The Forest of Vanishing Stars [Book Review]

July 6, 2021

The Forest of Vanishing Stars by Kristin Harmel

The Forest of Vanishing Stars by Kristin Harmel (cover) a woman wearing a red coat stands with her back to the camera looking out over a valley....planes fly overhead.....white text on the red coat)

Genre/Categories/Settings: Historical Fiction, WW11, Poland/Germany, Survival, Jewish

*This post contains Amazon affiliate links.

My Summary:

“You are a warrior. You are a hero, and a fighter, and a savior. You are a caretaker and a life giver.”

Thanks #NetGalley @GalleryBooks for a complimentary eARC of #TheForestOfVanishingStars upon my request. All opinions are my own.

The Forest of Vanishing Stars is inspired by true stories of survival in the expansive forests of Poland during WW11. The movie Defiance with Daniel Craig depicts one of the largest hidden groups.

Yona is stolen from her wealthy Germany parents when she is two years old (1922) and raised in the wilderness by an elderly eccentric herbalist and visionary. In 1941 when Yona is a young woman, her kidnapper dies and she is left to fend for herself in the forest. She is surprised to stumble upon a group of Jews fleeing the Nazis. After her fear subsides, she is determined to teach the group all she knows about surviving in the forest. However, they teach her about community and friendship after living her life in isolation. Told in one straightforward timeline from one perspective, this is a story of found family, finding people to trust, and of survival.

My Thoughts:

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The Warsaw Orphan [Book Review]

May 28, 2021

The Warsaw Orphan by Kelly Rimmer

The Warsaw Orphan by Kelly Kimmer (cover) Image: two children walk along the railroad tracks away from the camera

Genre/Categories/Settings: Historical Fiction, WW11, Poland, Jewish, Survival

*This post contains Amazon affiliate links.

Welcome to my stop on the Summer 2021 Historical Fiction Blog Tour. Thank you for the invitation, Justine. Thanks #NetGalley @Harlequin @GraydonHouse for a complimentary eARC of #TheWarsawOrphan by Kelly Rimmer upon my request. All opinions are my own. Pub Date: 6/1/2021.

Harlequin Historical Fiction 2021 Blog Tour Banner (showing the covers of three books)

It’s 1942, and teenage Elzbieta lives in the middle of German-occupied Warsaw. She doesn’t like the Germans who patrol the streets, she resents the curfews, and she’s mostly uninformed about the hardships endured by her Jewish neighbors. On the other hand, she has heard about German brutality and is keeping a secret about her own true identity. Elzbieta makes two friends: her neighbor Sara who involves her in a dangerous world of smuggling children out of the Ghetto and Roman whose family lives in the Ghetto and is in great danger. This is a story of war, family, survival, and love.

My Thoughts:

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The Woman With the Blue Star [Book Review]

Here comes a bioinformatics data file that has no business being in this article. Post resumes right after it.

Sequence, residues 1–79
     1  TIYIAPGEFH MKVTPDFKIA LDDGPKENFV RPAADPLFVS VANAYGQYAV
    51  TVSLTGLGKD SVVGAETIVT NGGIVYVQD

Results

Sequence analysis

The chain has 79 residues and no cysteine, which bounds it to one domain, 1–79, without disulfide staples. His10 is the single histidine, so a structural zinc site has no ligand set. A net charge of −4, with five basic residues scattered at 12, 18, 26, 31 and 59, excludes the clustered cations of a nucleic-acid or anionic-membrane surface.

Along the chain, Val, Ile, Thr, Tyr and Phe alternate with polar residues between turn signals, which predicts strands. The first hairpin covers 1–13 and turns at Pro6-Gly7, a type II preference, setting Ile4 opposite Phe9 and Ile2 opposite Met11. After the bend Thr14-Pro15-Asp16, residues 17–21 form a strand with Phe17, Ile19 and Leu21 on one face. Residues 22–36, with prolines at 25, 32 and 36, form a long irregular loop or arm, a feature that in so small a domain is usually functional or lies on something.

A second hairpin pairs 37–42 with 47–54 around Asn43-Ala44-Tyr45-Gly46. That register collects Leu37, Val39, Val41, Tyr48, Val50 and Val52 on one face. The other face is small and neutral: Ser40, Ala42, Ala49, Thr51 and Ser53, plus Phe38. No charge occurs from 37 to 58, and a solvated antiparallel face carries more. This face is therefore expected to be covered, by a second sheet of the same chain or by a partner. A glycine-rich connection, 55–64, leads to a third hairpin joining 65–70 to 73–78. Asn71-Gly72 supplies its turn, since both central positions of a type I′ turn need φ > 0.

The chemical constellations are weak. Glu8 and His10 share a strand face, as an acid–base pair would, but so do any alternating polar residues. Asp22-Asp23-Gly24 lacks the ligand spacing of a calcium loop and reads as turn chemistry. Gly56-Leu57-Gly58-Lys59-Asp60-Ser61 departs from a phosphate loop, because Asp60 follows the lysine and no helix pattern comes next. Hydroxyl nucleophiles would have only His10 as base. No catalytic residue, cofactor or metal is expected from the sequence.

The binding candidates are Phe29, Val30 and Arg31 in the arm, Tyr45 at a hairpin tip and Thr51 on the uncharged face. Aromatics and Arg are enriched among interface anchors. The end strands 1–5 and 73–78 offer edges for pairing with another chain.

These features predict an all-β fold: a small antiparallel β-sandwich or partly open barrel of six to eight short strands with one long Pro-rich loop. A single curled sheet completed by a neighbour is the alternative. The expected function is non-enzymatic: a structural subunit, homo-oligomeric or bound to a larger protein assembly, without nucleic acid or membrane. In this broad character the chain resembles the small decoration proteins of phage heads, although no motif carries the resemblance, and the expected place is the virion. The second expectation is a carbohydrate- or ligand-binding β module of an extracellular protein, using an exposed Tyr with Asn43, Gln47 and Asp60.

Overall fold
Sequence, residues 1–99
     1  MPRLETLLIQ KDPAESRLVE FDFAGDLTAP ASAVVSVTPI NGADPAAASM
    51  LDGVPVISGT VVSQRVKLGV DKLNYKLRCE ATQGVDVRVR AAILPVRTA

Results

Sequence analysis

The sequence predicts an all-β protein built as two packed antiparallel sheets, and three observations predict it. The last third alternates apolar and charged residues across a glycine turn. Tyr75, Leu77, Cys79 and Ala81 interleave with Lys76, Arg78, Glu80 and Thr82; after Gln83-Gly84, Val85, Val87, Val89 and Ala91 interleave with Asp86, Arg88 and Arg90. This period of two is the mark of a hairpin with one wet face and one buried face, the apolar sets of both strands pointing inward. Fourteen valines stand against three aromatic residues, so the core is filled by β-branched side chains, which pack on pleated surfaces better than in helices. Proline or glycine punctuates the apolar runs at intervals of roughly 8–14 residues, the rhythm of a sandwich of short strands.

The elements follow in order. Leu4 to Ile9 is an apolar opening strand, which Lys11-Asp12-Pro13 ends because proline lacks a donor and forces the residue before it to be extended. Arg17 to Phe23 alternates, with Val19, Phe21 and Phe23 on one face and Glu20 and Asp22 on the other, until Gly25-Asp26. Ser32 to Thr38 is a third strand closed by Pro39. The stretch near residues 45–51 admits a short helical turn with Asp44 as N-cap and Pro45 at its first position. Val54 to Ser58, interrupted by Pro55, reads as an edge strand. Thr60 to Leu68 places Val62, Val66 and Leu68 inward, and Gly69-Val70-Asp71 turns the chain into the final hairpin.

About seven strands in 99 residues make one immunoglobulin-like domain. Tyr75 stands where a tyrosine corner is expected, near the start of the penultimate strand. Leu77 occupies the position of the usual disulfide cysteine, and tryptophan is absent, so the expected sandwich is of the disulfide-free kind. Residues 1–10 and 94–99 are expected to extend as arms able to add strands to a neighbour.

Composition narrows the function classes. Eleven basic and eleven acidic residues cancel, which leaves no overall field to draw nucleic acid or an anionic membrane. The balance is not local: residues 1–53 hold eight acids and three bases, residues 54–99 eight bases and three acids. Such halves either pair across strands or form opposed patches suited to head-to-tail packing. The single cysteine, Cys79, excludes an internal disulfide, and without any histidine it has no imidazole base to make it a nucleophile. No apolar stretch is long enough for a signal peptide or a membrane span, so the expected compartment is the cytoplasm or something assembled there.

May 4, 2021

The Woman With the Blue Star by Pam Jenoff

Woman With the Blue Star by Pam Jenoff (cover) Image: the toes of red shoes sit on a cobblestone path, a cloth with a stitched blue star rests beside the shoes

Genre/Categories/Setting: Historical Fiction, WW11, Holocaust, Jewish, Krakow (Poland), Friendship

*This post contains Amazon affiliate links.

My Summary:

Welcome to my stop on the Pam Jenoff Blog Tour for #TheWomanWithTheBlueStar. Thanks to #NetGalley @HarlequinBooks @HarperCollins @ParkRowBooks for my complimentary eARC upon my request. All opinions are my own.

The Woman With the Blue Star Blog Tour Banner

In 1942, eighteen-year-old Sadie and her parents are forced to flee the Krakow Ghetto to avoid being sent to a concentration camp. They seek refuge in the sewer system beneath the city. One day, Sadie looks up through the grate and makes eye contact with a young Polish woman, Ella. Putting her fears aside, Ella begins to aid Sadie by bringing her a bit of food. The story follows their friendship as Ella helps Sadie in any way that she can.

My Thoughts:

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The Things We Cannot Say: A Review

October 24, 2019

The Things We Cannot Say by Kelly Rimmer

The Things We Cannot Say review

Genre/Categories: Historical Fiction, Poland, WW11, Love Story, Family Life

*This post contains Amazon affiliate links.

Summary:

From the age of nine, Alina has been in love with her best friend Tomasz. At fifteen and engaged to Tomasz, Alina and her neighbors discount the rumors of Nazi soldiers at the Polish border, and she spends her time dreaming of her wedding. Tomasz is in college in Warsaw when the Nazis occupy Poland. While Alina and Tomasz briefly lose touch, Alina and her family’s efforts are focused on survival. In the present-day timeline, Alina is in a convalescent home in the U. S. recovering from a stroke and convincing her granddaughter that she must make a trip to Poland in her place and visit certain sites. The granddaughter, Alice, is leading a stressful life with two special needs children and an unsatisfactory marriage, but she feels compelled to honor her grandmother’s request. In dual timelines, Alice visits her grandmother, makes plans to visit Poland, and actually makes the trip, while the WW11 timeline involving Alina and Tomasz progresses. Readers find out what eventually happens to Alina and Tomasz as Alice meets the Polish family and unravels Alina’s most closely guarded secrets.

Amazon Rating: 4.8 Stars

My Thoughts:

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